All equipment is mounted up near the line of site to make navigation easier and safer because they show important information up high, closer to your line of sight when riding. This lets you keep your eyes on the terrain more, looking down less.
Roadbook Sample – from Rally Navigator
|FIA Road and Stage Rally Roadbooks Premium||FIA Road and Stage Rally Roadbooks Free|
|FIA-FIM Cross Country Rally - Premium||FIA-FIM Cross Country Rally - Free|
|Narrow Premium – 2.25 inches – 57mm||Narrow Free – 2.25 inches – 57mm|
- On the left, the large number is the total number of miles or kilometers into the section. The smaller number in the left box is the number of miles or kilometers from one Waypoint to the next.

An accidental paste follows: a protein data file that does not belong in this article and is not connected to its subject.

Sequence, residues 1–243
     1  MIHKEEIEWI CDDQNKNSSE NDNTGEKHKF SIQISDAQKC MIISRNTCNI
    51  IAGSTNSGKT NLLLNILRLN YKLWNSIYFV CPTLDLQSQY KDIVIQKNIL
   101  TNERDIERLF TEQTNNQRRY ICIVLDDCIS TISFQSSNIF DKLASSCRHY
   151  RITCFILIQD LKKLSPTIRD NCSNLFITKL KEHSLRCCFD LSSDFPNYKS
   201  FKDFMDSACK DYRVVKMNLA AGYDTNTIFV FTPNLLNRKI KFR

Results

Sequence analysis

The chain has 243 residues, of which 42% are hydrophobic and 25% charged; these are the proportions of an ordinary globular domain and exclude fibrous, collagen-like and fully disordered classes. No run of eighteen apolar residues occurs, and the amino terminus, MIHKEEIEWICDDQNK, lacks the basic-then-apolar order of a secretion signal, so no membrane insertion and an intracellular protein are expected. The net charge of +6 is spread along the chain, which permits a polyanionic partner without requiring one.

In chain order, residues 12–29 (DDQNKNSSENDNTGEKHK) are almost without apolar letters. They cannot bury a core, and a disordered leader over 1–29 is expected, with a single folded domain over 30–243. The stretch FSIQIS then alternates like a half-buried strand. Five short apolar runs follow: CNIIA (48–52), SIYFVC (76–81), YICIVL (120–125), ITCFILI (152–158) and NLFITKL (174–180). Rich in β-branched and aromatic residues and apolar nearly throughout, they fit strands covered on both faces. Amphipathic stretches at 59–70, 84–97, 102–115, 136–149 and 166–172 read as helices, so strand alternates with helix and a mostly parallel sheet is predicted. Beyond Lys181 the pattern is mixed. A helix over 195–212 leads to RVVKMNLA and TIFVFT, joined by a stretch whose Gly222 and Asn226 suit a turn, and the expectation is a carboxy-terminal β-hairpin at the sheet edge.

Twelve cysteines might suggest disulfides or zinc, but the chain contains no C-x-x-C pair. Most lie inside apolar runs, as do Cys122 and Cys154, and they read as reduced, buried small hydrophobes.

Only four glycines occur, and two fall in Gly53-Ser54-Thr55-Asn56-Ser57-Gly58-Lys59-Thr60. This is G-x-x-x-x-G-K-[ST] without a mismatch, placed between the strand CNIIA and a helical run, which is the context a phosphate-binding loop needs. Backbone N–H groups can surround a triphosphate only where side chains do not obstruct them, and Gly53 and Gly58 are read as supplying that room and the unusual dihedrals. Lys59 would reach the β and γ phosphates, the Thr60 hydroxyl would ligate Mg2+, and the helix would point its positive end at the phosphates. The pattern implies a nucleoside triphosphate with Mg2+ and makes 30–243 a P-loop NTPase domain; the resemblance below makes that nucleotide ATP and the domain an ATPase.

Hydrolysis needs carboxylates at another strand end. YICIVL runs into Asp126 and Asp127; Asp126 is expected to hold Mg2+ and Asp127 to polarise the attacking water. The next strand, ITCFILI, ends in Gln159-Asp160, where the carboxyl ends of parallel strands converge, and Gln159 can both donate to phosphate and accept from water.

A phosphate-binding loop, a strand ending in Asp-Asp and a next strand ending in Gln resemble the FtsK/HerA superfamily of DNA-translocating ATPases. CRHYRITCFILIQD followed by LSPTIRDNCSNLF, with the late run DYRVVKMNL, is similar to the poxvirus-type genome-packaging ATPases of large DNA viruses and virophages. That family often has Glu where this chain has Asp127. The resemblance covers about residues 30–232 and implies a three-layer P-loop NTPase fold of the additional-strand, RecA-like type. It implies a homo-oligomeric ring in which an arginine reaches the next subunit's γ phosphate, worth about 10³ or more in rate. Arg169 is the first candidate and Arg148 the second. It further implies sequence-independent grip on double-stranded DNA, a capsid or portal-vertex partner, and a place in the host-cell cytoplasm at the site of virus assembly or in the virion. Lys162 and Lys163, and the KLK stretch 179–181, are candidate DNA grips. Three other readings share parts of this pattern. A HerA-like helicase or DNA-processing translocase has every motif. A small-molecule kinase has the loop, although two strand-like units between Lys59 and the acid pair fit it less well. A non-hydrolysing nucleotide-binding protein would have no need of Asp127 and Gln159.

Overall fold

- In the middle is the "Tulip" which is a drawing showing the trail, terrain, and landmarks at that particular Waypoint. Each Waypoint is entered from the bottom (the "Ball").
- On the right is an observation giving more information about that Waypoint. The observation uses Text and Compass headings, explained below.
"Marking up" a Roadbook
You must learn to decipher the Roadbook as you are riding or racing. To make navigation easier, riders typically "Mark Up" the Roadbook before setting out on the stage.
Roadbook Mark-up Kit
Each person develops their own preferences, but here are a few hints to get you started:
- Dangers: Mark dangers with red or pink highlighter. Mark all the double and triple dangers.
- Navigation: Make sure you can read the CAP headings. Write them larger or highlight them if this helps.